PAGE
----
Wednesday, November 4, 2009

The Great Iron Horse Burlington Northern's New Engineer: Warren Buffett

Buffett gave us subtle hints almost 3 years ago when he stated he wanted to "bag an elephant", who new the elephant was a "Iron Horse" (a pseudonym for steam engine). Buffett has said in the past he was looking for a large deal, something that would move the needle- the needle being Berkshires enormous stock portfolio. Well Warren Buffett just bought Burlington Northern Santa Fe, that is the whole company. BNSF will now be under the Berkshire Hathaway umbrella with companies such as Geico, Dairy Queen, See's Candies, and Shaw Carpets (see the whole list here). This is by far the largest deal Buffett has ever done which totals a whopping 44 billion. Before this, Berkshire's biggest acquisition was the $16 billion stock purchase of reinsurance giant General Re, announced in 1998. Buffett, who has been building up his rail holdings for several years was in the headlines back in early 2007 when it was announced that he had taken positions in several of the major rail carriers. But why did he zero in on Burlington Northern. Here are some of the pieces to the puzzle:

1) it's a business (railroads) that easy to understand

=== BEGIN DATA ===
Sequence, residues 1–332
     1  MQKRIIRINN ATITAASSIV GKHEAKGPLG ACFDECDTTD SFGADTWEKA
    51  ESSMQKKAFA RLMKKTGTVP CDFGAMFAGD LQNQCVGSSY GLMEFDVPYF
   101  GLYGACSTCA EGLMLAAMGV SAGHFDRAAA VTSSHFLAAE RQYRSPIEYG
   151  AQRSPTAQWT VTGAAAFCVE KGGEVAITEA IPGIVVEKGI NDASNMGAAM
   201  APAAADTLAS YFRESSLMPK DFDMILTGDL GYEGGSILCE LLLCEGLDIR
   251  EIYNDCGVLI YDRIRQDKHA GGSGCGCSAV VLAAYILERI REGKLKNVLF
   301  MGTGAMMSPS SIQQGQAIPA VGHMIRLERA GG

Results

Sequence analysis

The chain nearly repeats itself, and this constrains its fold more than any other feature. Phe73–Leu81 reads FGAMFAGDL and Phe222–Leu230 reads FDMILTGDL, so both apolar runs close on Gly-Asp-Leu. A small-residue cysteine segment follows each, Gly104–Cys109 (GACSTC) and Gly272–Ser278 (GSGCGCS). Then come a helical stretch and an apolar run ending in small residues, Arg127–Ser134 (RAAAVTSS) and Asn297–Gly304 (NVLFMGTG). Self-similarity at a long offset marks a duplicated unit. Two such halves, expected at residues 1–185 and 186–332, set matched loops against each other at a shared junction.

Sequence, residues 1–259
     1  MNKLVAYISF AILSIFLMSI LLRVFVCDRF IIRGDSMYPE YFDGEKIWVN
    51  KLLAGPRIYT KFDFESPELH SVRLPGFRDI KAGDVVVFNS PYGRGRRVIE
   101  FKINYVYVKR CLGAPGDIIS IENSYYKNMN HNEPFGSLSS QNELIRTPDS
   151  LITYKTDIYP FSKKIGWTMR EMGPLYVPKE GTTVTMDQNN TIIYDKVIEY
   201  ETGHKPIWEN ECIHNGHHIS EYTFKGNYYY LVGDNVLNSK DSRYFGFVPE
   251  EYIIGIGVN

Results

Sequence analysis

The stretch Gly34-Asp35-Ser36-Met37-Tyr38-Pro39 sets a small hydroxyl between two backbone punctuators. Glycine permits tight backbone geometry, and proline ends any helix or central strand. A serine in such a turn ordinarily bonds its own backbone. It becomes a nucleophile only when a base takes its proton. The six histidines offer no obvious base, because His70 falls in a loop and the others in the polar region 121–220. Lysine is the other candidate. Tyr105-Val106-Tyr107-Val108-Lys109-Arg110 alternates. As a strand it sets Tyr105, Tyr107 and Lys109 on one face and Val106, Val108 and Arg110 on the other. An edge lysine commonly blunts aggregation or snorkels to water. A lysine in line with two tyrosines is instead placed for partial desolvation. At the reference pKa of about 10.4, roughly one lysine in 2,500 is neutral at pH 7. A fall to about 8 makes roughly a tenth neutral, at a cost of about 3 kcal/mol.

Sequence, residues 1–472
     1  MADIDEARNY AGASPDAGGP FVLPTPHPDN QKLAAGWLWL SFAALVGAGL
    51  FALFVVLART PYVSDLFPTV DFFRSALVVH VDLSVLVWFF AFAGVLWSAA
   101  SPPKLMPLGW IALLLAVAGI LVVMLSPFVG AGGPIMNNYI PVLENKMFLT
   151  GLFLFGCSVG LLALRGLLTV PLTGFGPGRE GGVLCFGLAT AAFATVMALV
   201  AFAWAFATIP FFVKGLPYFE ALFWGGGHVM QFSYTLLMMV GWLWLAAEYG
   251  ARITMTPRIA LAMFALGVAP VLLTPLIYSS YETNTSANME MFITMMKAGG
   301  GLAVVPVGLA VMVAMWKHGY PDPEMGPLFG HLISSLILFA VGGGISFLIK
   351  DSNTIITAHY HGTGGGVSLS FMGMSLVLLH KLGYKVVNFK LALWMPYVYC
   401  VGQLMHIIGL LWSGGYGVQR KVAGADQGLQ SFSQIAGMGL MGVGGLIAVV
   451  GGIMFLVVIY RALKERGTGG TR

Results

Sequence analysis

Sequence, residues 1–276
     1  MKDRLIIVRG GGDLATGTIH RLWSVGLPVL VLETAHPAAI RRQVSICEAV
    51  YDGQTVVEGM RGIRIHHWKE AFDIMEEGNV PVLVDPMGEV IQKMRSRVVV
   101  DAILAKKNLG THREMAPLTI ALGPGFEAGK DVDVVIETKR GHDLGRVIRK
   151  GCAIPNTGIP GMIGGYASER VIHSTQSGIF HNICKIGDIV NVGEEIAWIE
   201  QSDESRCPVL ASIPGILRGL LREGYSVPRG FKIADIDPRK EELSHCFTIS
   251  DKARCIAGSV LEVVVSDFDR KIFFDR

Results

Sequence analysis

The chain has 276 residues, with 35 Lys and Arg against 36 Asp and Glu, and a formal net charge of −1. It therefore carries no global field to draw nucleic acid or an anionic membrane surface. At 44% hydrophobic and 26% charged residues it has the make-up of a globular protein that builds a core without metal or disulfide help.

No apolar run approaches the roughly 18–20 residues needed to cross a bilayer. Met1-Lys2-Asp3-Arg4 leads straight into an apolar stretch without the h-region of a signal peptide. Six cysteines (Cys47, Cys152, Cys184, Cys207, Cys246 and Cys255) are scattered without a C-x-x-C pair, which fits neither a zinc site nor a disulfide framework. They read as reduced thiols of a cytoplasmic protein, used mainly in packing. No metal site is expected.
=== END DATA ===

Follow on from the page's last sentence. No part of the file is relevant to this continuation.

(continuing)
2) it's has a high return on equity which is currently 15% for the trailing 12 months (last year it was 19%)

3) it's a business with a moat (has high barrier to entry) not just anyone can start a railroad company

4) it's had consistent earnings

5) it's very efficient way of moving goods

6) it's a play on coal and other commodities

7) it's throwing off lots of free cash flow

8) it has high-quality management (its track record speaks for itself)

Many people wondered why he had suddenly fallen in love with the sector. The simple answer is globalisation. With booming demand for commodities from the Far East and a hunger for cheap foreign goods in the West, the rail companies linking consumer and producer look appealing for the long haul. Buffett has said he realized a few years late that railroads were an appealing investment. As diesel prices rise, shipping by rail instead of truck becomes more attractive, and it would be extremely difficult for a competitor to build a new railroad. Continuing upward pressure of fuel costs make rail transport increasingly more competitive with the trucking fleet and shall prompt more wholesale purchasing within our own continent. The dominant trend is the demand for raw materials and machinery to fuel the construction booms in China and India. US rail firms transport grains and building and construction products for export; US exports to China. "I basically believe this country will prosper and more people will be moving more goods 10, 20, 30 years from now and the rails will benefit," Buffett told CNBC. It's also a bet on the future of another country -- China. China craves the coal and other raw materials that the U.S. produces. Those commodities fuel the great economic engine that is China, which is the factory to the world. U.S. coal and goods are shipped via rail to Pacific ports and then shipped to China. With his round-out purchase of Burlington Northern, Buffett thinks China will continue to be strong.

* Author is currently long BNI

Posted via email from stockmanmarc's posterous

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